So he looked to try and work it out, was played by Lindsey and lost confidence in himself and so was pulled into just following Angel and his kamikaze plan. Although he didn't approve of Angel's status in W&H, his choice to be there (as per his starting position in the series), he convinced himself Fred following Angel meant that it couldn't be 'all bad' and used that/her as his judgement guide to get involved. But really it was about the fact that there was a comfort in being led, and an 'I can do that' to putting himself on the line and sacrificing himself and that was what the damned to hell vampire that he was could offer. He had worth in his sacrifices. So he stayed away and had time (AtS/AtF) to be a hero with and without guidance so that he started to feel more confidence in himself as someone who made a difference.
The Twilight issues played his hand and he was pushed to walk back into Buffy's life. I think part of that was self destructive, go and see her with Angel as she wants to be and face the truth. But he entered the scene full of bravado having finally found a way that you really can make an entrance after going out like he did in the Hellmouth, on a friggin spaceship! Buffy, who had somehow found out he was back sometime post AtS had (according to Willow in Spike's comics) knocked down doors demanding to know what happened and as part of that possibly found out that he hadn't wanted her to know and that stemmed her reaction/response. So Spike enters when the world is going to shit because of bad choices she has made at the end of a period of great vulnerability when she would have greatly benefited from his S7 esque support. So she is humiliated and pissed and she is defensive and snappy at him. But it doesn't take much for his presence to calm her and her to lean on him again. But as they fight against Angel Spike gets shoved away and the bugs rescue him from burning up. They chase down one of the monsters which takes him off again.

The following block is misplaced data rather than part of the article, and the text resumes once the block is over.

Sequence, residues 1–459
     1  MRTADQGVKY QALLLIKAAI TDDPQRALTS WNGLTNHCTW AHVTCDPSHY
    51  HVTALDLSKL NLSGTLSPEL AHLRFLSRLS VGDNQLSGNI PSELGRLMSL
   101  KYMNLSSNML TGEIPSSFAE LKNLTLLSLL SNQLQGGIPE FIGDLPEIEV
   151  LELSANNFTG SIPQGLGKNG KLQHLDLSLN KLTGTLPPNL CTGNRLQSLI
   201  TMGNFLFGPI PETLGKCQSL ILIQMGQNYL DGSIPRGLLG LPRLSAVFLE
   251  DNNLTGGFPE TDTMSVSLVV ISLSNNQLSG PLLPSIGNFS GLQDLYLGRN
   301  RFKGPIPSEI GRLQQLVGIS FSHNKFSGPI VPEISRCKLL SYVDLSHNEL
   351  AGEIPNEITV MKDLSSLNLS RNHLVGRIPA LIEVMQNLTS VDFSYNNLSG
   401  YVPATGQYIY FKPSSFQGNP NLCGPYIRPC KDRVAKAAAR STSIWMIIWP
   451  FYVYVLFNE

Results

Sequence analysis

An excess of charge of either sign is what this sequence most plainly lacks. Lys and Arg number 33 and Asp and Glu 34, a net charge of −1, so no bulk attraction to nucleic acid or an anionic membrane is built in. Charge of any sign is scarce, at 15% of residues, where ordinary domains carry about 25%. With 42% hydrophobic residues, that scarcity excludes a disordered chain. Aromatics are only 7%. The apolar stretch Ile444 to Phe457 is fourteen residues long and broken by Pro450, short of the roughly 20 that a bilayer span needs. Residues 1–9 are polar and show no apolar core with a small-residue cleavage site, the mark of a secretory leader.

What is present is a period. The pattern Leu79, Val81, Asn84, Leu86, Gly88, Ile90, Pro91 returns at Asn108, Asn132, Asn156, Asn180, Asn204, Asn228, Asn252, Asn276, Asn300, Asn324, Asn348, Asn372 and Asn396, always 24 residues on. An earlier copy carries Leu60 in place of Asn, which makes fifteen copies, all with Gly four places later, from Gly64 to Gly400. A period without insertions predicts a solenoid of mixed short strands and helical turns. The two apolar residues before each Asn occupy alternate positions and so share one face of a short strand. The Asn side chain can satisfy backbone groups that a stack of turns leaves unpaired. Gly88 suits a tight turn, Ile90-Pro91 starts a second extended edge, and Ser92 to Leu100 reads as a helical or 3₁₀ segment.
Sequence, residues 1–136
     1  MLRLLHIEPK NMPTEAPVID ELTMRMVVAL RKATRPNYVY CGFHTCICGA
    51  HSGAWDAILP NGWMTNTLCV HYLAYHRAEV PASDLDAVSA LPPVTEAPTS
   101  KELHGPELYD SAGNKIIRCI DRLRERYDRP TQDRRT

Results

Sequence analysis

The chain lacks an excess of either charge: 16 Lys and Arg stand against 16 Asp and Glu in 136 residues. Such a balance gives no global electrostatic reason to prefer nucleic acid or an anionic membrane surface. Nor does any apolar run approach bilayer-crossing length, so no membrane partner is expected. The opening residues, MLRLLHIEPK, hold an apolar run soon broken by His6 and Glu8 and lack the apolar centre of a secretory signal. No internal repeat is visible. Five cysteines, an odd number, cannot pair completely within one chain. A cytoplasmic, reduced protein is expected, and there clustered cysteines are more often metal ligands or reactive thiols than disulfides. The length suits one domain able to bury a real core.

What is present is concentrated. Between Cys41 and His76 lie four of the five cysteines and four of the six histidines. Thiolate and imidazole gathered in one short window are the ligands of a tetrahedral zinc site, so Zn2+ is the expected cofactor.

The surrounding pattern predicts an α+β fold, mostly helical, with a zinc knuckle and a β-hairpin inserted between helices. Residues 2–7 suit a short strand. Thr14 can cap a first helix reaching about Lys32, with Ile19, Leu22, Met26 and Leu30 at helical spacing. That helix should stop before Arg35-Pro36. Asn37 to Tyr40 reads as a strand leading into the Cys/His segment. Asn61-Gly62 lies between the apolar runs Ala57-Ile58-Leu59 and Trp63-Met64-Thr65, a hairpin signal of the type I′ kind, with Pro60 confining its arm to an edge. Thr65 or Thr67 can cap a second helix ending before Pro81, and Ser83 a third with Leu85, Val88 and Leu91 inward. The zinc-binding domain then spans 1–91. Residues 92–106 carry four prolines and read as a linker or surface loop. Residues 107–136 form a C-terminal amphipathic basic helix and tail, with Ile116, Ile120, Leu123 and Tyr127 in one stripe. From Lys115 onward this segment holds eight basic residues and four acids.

On his return (web comic) Buffy is emotional and pleased and wants to check if he is 'home' now. They are uncertain around each other in S9, not really knowing where the other is at and trying to tentatively probe. Buffy watches him make out with other women at the party and she tries to keep her barriers up, stumbling away from him off the fire escape (the new back porch) when things get emotional. She is distressed to see the chance he might die at the hands of the siphon and when faced with the upset of her pregnancy wants to lean on him again. He takes her away for a break to give her time out and offers to give her the support she wants from him. But Buffy is worried still, doesn't know how he feels, is scared of the turns her life is taking and is not convinced she is mature/stable enough to deal with parenthood. She instinctively wants to share it with him and at the same time feels that there is something fundamentally 'wrong' about it.